‘Headless Chicken Solution’ Propose Matrix Style Poultry Farming

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NOTE: Please read our follow up article here – thankfully this practice will not be implemented.

The world has a problem. By 2050 it is estimated there will be 9.5 billion people in the world to feed and with incomes increasing worldwide the demand for meat will be higher than ever.

Poultry is currently consumed in quantities larger than any other type of meat worldwide and last year we produced over 200 billion kilograms of poultry worldwide. It’s unsurprising then, that there is growing concern over where we are going to raise chickens and other poultry birds when already over 2.75 billion hectares of land is dedicated to raising animals for food.

However, architecture André Ford has come up with a solution to the problem that will not only increase the number of chickens that are able to be farmed per square metre but will, in his opinion, reduce the suffering of the chickens dramatically. He calls it the ‘Headless Chicken Solution’ and he proposes that the cerebral cortex of the chickens be removed so that they are ‘desensitized’ to the horrors of animal farming.

Ford’s idea is inspired by philosopher, Paul Thompson, who has suggested that when chickens are blind they are less sensitive to being crowded together in comparison to ‘normal’ chickens. Thompson’s theory is called ‘The Blind Chicken Solution’ and right at this moment there are chickens who are being brought up in laboratories that have been ‘developed’ to be blind from birth.

The findings report that they originate from chickens that have been blinded by ‘accident’, as if accidental blindness of parent chickens makes the idea of laboratory chickens who have been purposefully bred to be blind entirely moral.

Ford’s idea goes several steps further, however, by proposing that not only should the cerebral cortex be taken away but that the chicken’s feet should also be removed so as to create as much space as possible. This process would entirely disable chickens, who would then hang in vertical pods and be fed through tubes. Their excrement would also be collected via tubes. Ford has also suggested that electric shocks be used for muscle stimulation. This process would allow the chickens to continue to grow but Ford believes they would be entirely unaware of what was going on around them.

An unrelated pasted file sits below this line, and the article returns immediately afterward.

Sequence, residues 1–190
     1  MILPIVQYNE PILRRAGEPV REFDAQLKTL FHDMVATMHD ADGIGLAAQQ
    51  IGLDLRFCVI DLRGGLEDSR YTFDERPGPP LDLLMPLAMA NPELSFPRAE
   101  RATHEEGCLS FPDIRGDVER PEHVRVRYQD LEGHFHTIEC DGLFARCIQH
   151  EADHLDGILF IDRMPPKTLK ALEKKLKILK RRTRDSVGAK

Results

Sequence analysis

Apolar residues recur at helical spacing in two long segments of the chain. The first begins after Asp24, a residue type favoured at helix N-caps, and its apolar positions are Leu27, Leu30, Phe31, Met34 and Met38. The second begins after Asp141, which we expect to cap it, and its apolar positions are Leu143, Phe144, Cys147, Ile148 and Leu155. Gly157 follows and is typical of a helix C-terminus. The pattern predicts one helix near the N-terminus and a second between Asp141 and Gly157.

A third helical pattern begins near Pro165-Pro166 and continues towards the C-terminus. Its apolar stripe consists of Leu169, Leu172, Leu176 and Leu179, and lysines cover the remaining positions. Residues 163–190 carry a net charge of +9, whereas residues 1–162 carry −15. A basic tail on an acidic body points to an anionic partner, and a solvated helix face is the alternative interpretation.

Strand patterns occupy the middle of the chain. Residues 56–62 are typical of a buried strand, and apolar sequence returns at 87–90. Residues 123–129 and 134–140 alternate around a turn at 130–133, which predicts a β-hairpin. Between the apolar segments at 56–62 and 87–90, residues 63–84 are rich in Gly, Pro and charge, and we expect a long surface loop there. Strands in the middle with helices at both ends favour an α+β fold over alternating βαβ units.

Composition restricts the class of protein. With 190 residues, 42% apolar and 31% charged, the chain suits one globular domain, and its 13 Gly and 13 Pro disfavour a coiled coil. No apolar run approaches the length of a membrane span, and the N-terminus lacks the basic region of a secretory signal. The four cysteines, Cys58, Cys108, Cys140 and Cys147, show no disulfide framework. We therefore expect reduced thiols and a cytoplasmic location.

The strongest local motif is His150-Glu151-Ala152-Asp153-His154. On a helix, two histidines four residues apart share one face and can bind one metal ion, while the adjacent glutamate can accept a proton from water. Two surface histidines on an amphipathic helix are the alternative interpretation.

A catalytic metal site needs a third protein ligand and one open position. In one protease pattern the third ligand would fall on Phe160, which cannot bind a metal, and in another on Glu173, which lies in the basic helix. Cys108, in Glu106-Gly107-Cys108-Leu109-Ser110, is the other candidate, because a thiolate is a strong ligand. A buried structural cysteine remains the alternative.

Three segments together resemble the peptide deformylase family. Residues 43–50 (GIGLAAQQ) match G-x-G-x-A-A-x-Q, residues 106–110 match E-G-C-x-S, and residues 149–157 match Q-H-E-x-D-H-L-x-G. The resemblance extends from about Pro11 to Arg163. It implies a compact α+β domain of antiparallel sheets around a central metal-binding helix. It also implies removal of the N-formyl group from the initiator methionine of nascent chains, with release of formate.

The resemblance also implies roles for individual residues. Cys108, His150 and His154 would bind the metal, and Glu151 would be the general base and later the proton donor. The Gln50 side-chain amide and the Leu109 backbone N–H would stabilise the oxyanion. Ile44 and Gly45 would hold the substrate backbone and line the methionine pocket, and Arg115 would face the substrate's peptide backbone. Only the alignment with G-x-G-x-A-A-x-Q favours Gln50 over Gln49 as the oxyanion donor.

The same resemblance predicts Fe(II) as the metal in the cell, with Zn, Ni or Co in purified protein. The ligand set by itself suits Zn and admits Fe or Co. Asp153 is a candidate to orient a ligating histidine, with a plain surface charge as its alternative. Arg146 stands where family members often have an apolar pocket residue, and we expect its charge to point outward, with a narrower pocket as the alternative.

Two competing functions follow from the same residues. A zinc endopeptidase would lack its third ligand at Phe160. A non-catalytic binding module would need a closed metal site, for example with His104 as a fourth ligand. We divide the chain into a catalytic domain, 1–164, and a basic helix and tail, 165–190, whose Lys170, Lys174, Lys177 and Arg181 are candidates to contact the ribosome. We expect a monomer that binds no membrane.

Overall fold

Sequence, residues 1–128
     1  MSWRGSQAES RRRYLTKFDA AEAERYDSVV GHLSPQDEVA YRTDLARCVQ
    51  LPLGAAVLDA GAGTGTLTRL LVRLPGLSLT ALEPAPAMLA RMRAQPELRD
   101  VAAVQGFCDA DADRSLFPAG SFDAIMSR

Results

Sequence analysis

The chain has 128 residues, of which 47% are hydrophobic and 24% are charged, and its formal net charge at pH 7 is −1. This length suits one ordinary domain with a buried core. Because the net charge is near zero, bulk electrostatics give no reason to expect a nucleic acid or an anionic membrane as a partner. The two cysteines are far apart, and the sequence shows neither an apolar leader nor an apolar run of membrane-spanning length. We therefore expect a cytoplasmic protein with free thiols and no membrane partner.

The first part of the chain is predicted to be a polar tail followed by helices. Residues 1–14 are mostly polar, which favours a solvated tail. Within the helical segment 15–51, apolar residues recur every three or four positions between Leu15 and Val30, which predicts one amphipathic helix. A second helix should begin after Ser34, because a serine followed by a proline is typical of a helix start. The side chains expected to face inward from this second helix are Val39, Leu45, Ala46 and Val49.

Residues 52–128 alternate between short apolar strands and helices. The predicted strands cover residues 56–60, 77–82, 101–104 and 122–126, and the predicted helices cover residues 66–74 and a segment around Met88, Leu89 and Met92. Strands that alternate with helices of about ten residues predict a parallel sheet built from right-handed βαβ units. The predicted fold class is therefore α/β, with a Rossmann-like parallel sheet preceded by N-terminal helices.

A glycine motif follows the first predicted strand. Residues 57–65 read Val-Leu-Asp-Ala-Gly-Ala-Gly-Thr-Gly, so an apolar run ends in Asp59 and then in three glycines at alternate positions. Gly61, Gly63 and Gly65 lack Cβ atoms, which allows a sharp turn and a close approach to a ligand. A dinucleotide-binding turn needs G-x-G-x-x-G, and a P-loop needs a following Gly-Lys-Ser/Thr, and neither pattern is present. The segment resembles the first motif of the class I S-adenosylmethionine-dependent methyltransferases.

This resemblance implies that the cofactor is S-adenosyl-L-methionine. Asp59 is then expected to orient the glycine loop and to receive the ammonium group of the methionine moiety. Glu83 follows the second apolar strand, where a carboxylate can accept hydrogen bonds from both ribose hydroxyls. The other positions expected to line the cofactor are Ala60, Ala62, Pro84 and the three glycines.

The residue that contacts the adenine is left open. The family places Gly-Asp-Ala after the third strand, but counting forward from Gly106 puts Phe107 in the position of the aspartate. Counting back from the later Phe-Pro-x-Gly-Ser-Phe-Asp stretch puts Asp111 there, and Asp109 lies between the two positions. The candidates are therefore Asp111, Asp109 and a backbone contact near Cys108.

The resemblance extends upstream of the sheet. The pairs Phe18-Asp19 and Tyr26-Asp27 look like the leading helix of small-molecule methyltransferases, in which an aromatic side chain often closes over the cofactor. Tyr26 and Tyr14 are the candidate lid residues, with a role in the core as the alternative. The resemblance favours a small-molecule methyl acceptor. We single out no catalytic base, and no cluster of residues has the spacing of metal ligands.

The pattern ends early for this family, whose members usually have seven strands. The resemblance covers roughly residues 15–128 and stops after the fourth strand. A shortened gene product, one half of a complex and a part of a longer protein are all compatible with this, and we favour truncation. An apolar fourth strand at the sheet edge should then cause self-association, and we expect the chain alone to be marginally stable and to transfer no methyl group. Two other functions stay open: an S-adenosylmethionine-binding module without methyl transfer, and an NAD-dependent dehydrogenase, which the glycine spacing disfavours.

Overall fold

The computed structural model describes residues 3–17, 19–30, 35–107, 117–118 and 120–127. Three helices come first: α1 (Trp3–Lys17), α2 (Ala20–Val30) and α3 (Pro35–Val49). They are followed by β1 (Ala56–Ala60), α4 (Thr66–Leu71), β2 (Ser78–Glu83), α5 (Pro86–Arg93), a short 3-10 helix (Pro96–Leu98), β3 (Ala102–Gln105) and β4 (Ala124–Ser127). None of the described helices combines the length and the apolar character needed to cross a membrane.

The architect has compared this solution with lab grown meat but believes his idea would be better because lab grown meat developers are currently struggling to work out ways to stimulate blood flow.

Lab grown meat is a process whereby stem cells are harvested from an animal and are multiplied in a lab until there is enough of them that they turn into muscle fibres. The cells are then manipulated to look and taste like meat products. This process has many vegans divided and ultimately right now we don’t understand the long term health effects of lab grown meat.

The difference between the two processes, however, seems to be a lot greater than that. Where lab grown meat exploits a small number of animals originally in order to take stem cells, the vertical chicken idea would involve disabling billions of animals a year just to satisfy the taste buds of human consumers.

Many vegans and meat eaters alike would agree that this approach to farming is entirely immoral, especially in an era where meat eaters are looking for more ethical ways that they can obtain animal products. However, Ford also claims that his solution is no more horrific than what chickens are already put through on poultry farms.
The comment seems a little dismissive of the severity of the acts that Ford is suggesting humans perform on farmed chickens and it is nearly impossible to put a hierarchy on pain. However, if this is seen as the only option for ‘protecting’ chickens from the reality of farming then it highlights the need for education and transparency over food production.

Thankfully there have been no suggestions that Ford’s ‘Solution’ will be put into practice. It seems, however, that the need to go to such great lengths to make chicken farming viable might just be another reason that veganism is the diet of the future.

Image Credits: The Washington Post | Feedstuffs | World Animal Protection

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